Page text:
I have seen this book being given some good reviews and so we bought it. I can’t tell you yet how practical it is, because I haven’t had the chance to read it. It only arrived this week and it was hubby’s birthday present so he gets first read. It might give you some ideas on getting going and appropriate tools to get – at least that is my understanding of the book.

  8. September 14, 2015 1:05 pm

    Your gardens are quite impressive and your discussion of the method to your madness, so to speak, is extremely appreciated as I contemplate going from my tiny little veg garden here at home to our [eventual] farmscale operation.
    “Time of rest” – aaahh yes, that does sound nice but since our septic permit was just now issued (even though we filed in April!) we will be killing ourselves to get everything in the ground and backfilled before the rains begin in earnest.

    • September 15, 2015 6:38 am

      Thank you, they seem a little large until now, when things are starting to wane, and I realize oh, that’s the last fresh corn, and the last of_____________ until next year. And then the wide row spacing, seems overkill when you drop the tiny seeds in the ground and then come harvest time it’s hard to get through the rows with a wheelbarrow or cart to actually harvest. Labors of love, my gardens.

      Dang, I thought our county was the slow one! Hopefully the dry weather days will coincide with your schedule. Fingers crossed for an uneventful septic adventure!!

  9. Karen R permalink
    September 15, 2015 7:16 am

    I’m a garden person but still learn lots from your cow posts, storing up knowledge in hopes of using it later. Your garden looks just incredible after enduring such a brutal summer. As far back as the data goes indicates that there has never been the record temps we had in our area this summer. What official climate zone are you in? The beautiful brassicas you have growing next to squash are throwing me off. I’m just now planting cole crop starts in our zone 8b.

    • September 15, 2015 8:11 am

      Thanks Karen! “Officially” we’re in 8b also, but it’s more like 7b, since we are lumped in with lower elevation and areas that receive the Gorge wind. Most of the time we can be 10 degrees lower than PDX in the winter, and a little hotter in the summer because we don’t usually get the onshore flow on summer days. Well I just planted some coles in the chicken greenhouse, and that is very late for me, usually I need to plant fall stuff by the first week of August or it never really matures. I did seed some quick arugula, bok choy and spinach that I’m going to plant out, but it’ll be a crap shoot if it matures. But what the heck, a gardener has to push the limits right?

  10. treatlisa permalink
    September 15, 2015 7:57 pm

    Being a cow AND garden person… I love it all!!

  11. Carrie permalink
    September 17, 2015 1:13 am

    I am constantly amazed at your efficiency (and energy). Any chance of a winter post (step-through) on how you assess/evaluate each seasonal work load, how you think it through, and find/plan efficient ways of carrying it out? Have you developed/refined ‘systems’ for the various tasks which, once you’ve decided what to grow where, what to amend when, you can then activate almost on ‘autopilot’ or ‘painting by numbers’? Obviously seasons throw different and unpredictable events at you but the basics of what you do must be well honed, sytemised, because you get through so much.
    My allotment and fruit garden would likely fit within your big greenhouse! And yes, I have an ongoing rotation plan but seem to get ‘disconnect’ between the plan and the implementation – it feels like I need better strategies and systems (and less dithering about!). Thus I’d be interested to hear about the thinking processes that lead to such stunning efficiency. I guess I also need to order the book Joanna mentions!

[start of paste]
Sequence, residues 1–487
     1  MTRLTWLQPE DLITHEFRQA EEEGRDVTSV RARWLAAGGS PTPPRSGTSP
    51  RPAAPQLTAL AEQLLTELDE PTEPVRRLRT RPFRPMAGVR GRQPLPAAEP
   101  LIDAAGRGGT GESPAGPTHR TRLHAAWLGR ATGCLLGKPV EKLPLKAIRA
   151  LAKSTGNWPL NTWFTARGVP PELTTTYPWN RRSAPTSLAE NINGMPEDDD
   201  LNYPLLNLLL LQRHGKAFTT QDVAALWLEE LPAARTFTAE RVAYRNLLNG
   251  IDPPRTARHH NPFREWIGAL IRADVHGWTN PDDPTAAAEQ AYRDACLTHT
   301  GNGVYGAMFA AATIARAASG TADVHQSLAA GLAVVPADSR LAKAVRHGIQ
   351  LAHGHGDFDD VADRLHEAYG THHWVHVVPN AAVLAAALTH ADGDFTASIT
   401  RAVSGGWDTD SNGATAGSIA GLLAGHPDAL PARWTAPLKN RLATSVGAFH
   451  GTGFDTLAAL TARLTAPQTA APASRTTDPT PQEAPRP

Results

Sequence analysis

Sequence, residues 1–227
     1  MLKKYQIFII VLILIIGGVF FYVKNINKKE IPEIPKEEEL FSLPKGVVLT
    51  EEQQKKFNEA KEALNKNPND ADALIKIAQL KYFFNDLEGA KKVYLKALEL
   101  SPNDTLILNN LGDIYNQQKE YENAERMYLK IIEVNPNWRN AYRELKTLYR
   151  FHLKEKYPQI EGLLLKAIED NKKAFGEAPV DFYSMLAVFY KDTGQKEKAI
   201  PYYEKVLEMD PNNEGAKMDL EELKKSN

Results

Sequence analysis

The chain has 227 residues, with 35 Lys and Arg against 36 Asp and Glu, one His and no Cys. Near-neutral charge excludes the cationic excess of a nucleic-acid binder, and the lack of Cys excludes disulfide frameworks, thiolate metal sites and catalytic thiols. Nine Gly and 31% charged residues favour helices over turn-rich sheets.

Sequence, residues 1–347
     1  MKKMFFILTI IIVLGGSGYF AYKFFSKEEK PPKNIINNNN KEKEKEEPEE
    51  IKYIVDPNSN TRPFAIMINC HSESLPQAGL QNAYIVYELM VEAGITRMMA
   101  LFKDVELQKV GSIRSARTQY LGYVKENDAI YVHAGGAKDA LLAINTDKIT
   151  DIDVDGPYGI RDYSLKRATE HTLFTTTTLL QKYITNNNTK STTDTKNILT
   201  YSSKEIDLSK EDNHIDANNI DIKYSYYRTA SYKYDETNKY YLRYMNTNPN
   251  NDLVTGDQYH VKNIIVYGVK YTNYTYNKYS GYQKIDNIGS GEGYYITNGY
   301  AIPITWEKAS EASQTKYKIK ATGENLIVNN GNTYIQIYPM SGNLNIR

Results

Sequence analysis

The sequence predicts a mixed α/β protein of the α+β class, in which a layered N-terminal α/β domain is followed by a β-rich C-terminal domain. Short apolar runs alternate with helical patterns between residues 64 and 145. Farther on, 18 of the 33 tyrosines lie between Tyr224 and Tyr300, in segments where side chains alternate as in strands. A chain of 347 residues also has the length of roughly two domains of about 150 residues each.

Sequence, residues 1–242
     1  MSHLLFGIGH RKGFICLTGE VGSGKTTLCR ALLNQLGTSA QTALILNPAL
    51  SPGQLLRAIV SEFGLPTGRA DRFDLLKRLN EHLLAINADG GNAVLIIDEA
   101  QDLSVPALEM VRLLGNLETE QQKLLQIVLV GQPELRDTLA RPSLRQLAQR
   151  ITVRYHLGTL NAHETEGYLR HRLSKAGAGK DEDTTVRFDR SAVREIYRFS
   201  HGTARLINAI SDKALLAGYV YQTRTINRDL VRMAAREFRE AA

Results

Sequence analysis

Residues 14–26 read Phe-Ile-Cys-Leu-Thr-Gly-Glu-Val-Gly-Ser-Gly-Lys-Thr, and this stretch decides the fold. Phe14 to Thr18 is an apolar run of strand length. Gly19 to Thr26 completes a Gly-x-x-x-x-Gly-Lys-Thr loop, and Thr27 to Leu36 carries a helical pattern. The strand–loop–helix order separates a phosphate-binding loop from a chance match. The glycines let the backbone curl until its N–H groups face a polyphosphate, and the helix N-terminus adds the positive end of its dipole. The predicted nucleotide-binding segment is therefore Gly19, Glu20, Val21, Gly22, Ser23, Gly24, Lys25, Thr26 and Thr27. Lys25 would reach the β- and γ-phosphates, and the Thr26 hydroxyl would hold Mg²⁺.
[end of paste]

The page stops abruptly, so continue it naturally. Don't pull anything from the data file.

• September 17, 2015 7:01 am

      Carrie, I don’t know if it warrants a post, it seems so rote to me. Plod through the calendar…we’re pretty much on autopilot, and work around the livestock schedules and fill in when we aren’t doing things like hay, firewood, milking etc. As far as a rotation in the garden I don’t behave as strictly as I should, and sometimes change my rotation to fit the conditions. Where I make changes is in what I grow, and that is determined by what we eat. DH just started eating potatoes again after about 5 years, and wouldn’t you know it, this was the year I finally grew way less…but by growing less, that freed up some rows for more experimentation on something that I haven’t felt like trying before. This year I grew less Sweet Meats and tried some butternut squash. I really don’t have it all together, it just appears so on the blog 😉 Good idea though for a post probably, I take my garden planning for granted I think. In my mind, I am already checking out varieties for next year.

      Energy, that’s coffee!!! I am tired!

  12. Carrie permalink
    September 17, 2015 9:34 pm

    Watch yourself Nita, you need to be alert with an unknown bull about. Maybe share the load and take your daughter with you at stock move? I hope you can ease down and get some rest before ‘Jane’.
    While I’d welcome a post about your thinking and systems/processes re annual garden planning and resourcing, there’s no rush – indeed, no need to do it at all!
    Take care.

    • September 18, 2015 6:21 am

      Carrie, thanks for that 🙂 I am alert in the am when I move the cows thank heavens. He’s a good boy, not quite as tame as the others that have been halter broke, but he has a good flight zone is only interested in food mostly, unless he’s courting one of the ladies. But I’ll be glad when he’s gone, just because.

  13. September 19, 2015 7:45 am

    All I can say is WOW! I love both of your garden and cow posts but would love to see some photos (current or past) of the farmers themselves…doing well, you know…farming! 🙂

  14. September 19, 2015 2:47 pm

    Well, you need to hand that camera over to the farmer’s daughter who I know takes some mighty awesome photos herself! 🙂